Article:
Either three-dimensional geometry or linear algebra.

Last edited by a moderator: Apr 24, 2017
9. Oct 7, 2009

### mnb96

Hello,
everything became pretty obvious when I thought of the transformation R in matrix form.
It is a bit painful to write it down in latex but it is essentially the identity matrix with all the columns shifted by one to the right (the last column becomes the first). Then I observed that $$R^T R = I$$ which clearly proves that it is indeed a rotation.

The funny thing is that in order to find the rotation axis in n-dimensions I found myself reproducing the matrix proof on wikipedia that you just mentioned 5 minutes after :)
The rotation axis is always (1,1,1,...,1) !

I agree that here we have been just using linear algebra and euclidean geometry. However I know there are more specialized branches of algebra which specifically study and classify symmetries, although I dont know exactly which ones, but I was refering to those.

Now, one very last thing:
Do you know if it is possible to deduce that this operation R is indeed a rotation and then find the rotation axis without resorting to linear algebra, but just using 'Geometric Algebra'?

Thanks a lot.

10. Oct 7, 2009

### tiny-tim

Hello mnb96!

In 4 or more dimensions, it's more complicated …

foe example, in 4 dimensions, you can rotate y and z while keeping x and w the same … or you can even have one rotation for y and z and a different rotation for x and w.

The general study of symmetries is Group Theory …

but there are more specialised branches such as Exterior Calculus (Exterior Forms).
You can prove it's a rotation using that theorem of Euler, and then find the axis just using components.

11. Oct 7, 2009

### D H

Staff Emeritus
In general, a permutation of elements in an n vector can be described by a permutation matrix. A permutation matrix is a binary matrix (elements are either zero or one). The determinant of a permutation matrix is either +1 or -1. If the determinant is +1 the permutation is a proper rotation.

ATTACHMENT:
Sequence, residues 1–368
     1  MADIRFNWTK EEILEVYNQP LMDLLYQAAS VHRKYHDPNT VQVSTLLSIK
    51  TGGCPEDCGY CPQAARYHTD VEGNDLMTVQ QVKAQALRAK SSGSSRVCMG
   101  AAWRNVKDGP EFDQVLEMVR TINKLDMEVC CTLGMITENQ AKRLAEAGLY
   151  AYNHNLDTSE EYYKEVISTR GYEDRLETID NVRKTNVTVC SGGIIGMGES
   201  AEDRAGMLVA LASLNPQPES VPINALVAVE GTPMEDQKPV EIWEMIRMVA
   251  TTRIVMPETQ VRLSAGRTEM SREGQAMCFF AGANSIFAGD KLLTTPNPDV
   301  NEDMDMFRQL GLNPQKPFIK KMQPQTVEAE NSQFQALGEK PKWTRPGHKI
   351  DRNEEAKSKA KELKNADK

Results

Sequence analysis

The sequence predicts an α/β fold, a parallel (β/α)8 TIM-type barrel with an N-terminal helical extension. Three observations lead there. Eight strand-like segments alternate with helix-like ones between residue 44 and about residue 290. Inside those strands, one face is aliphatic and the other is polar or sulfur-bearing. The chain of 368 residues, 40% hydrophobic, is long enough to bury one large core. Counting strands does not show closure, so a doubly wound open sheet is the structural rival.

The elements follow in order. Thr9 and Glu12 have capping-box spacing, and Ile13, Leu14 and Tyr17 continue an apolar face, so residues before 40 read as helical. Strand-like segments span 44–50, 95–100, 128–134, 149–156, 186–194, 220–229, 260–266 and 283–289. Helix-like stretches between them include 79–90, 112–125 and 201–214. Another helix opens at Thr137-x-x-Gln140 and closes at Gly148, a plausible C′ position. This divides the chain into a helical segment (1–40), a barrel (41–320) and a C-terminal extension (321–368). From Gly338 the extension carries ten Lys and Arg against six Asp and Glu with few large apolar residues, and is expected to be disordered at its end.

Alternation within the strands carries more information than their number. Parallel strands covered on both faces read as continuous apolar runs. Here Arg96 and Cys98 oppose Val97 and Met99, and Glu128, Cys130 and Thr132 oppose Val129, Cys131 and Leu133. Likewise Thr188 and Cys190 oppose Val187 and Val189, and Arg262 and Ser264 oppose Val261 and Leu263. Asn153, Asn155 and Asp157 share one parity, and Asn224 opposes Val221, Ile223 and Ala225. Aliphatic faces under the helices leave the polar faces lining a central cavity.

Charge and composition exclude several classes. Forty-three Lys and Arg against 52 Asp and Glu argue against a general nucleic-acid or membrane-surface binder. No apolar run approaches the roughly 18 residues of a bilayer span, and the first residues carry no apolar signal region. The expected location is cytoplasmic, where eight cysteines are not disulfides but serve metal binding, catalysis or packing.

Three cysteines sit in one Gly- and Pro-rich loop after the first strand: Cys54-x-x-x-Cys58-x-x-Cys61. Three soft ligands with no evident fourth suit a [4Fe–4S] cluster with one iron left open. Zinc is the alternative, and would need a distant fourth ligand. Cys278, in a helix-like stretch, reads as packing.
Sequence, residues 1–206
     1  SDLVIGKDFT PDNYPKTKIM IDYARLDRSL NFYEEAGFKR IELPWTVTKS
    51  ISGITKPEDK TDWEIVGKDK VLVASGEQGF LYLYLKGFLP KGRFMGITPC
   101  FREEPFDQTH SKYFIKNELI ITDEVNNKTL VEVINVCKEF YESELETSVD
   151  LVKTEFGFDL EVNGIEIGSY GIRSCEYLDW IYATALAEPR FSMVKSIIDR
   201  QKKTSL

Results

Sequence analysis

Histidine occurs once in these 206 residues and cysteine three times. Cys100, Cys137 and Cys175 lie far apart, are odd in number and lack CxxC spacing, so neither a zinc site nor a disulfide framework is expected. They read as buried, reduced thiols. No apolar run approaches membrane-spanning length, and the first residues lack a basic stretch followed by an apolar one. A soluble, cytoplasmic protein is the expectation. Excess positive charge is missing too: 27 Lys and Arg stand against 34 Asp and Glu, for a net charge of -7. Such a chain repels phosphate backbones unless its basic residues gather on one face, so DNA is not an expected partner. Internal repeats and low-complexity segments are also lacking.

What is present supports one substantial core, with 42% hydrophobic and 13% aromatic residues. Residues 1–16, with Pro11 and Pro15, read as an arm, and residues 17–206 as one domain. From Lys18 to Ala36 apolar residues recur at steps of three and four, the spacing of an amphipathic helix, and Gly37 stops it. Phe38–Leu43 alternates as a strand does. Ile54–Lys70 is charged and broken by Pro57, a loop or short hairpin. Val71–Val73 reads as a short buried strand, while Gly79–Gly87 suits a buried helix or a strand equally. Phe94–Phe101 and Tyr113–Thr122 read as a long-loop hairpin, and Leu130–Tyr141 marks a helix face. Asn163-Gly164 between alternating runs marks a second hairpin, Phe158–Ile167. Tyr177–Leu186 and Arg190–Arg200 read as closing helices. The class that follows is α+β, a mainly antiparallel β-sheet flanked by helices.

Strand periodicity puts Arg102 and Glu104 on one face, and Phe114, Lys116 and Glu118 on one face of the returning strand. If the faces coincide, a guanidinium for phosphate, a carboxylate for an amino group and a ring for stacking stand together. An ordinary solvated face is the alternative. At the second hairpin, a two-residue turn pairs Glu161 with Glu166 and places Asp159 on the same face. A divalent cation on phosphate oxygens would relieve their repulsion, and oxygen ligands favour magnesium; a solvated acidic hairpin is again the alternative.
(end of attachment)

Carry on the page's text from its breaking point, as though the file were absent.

There is an easy way to determine the determinant of a permutation matrix. Swap pairs of elements in the vector {x,y,z,...} until you arrive at the permuted vector. Tthere are more than one way to do this. However, all paths from the original vector to the permuted vector will have one thing in common: The number of swaps will always be even (or always be odd). The determinant is +1 and the permutation is a proper rotation if the number of swaps is even, -1 and an improper rotation if the number of swaps is odd.

Example 1: {x,y,z} -> {z,x,y}.
Swap 1: Swap x,y. {x,y,z} -> {y,x,z}
Swap 2: Swap y,z. {y,x,z} -> {z,x,y}
Two swaps, so this is a proper rotation.

Example 2: {x,y,z} -> {z,y,x}.
Swap 1: Swap x,z. {x,y,z} -> {z,y,x}
One swap, so this is an improper rotation.

Example 3: {x,y,z,w} -> {w,x,y,z}.
Swap 1: Swap x,y. {x,y,z,w} -> {y,x,z,w}
Swap 2: Swap y,z. {y,x,z,w} -> {z,x,y,w}
Swap 3: Swap z,w. {z,x,y,w} -> {w,x,y,z}
Three swaps, so this is an improper rotation.

12. Oct 7, 2009

### mnb96

Hello,

I was thinking now how to approach the problem in n-dimensions.
I figured out that if R is the NxN orthogonal transformation matrix I mentioned in the previous post (the NxN identity matrix shifted), it is possible to prove that:

1) R has always det(R)=1 when N is odd, and det(R)=-1 when R is even
2) R is an orthogonal matrix
3) when N is odd, R has only one real eigenvector (with corresponding eigenvalue=1)

Is there a geometric interpretation given these observations?
There is a subspace of dimension 1 (an axis) which is clearly invariant under the transformations R. Is then allowed to talk about rotation? If not, then what are we doing?

13. Oct 7, 2009

### mnb96

...actually it is straightfoward to prove also a 4th property, that is:

4) for N odd, given any transformed vector x'=Rx, the distance between x' and the eigenvector-axis is always the same.

Should we really conclude that when we are in a space of dimensions N (where N is odd), the transformation R is indeed a rotation across (1,1,1,...,1) ?